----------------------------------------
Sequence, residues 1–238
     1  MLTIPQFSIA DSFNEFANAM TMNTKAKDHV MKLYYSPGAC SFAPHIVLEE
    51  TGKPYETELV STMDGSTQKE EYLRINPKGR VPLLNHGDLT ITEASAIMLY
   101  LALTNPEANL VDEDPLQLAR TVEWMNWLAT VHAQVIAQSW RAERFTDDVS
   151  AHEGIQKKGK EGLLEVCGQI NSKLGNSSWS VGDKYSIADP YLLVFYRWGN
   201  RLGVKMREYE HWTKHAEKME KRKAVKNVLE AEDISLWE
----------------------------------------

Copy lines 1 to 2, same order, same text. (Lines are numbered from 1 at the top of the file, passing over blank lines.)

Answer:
Sequence, residues 1–238
     1  MLTIPQFSIA DSFNEFANAM TMNTKAKDHV MKLYYSPGAC SFAPHIVLEE